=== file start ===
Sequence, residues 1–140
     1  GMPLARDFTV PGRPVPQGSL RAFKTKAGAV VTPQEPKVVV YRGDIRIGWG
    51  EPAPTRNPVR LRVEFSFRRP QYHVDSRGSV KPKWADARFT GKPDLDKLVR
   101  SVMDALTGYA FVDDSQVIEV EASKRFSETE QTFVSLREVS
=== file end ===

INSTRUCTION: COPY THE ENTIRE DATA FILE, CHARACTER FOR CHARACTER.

Sequence, residues 1–140
     1  GMPLARDFTV PGRPVPQGSL RAFKTKAGAV VTPQEPKVVV YRGDIRIGWG
    51  EPAPTRNPVR LRVEFSFRRP QYHVDSRGSV KPKWADARFT GKPDLDKLVR
   101  SVMDALTGYA FVDDSQVIEV EASKRFSETE QTFVSLREVS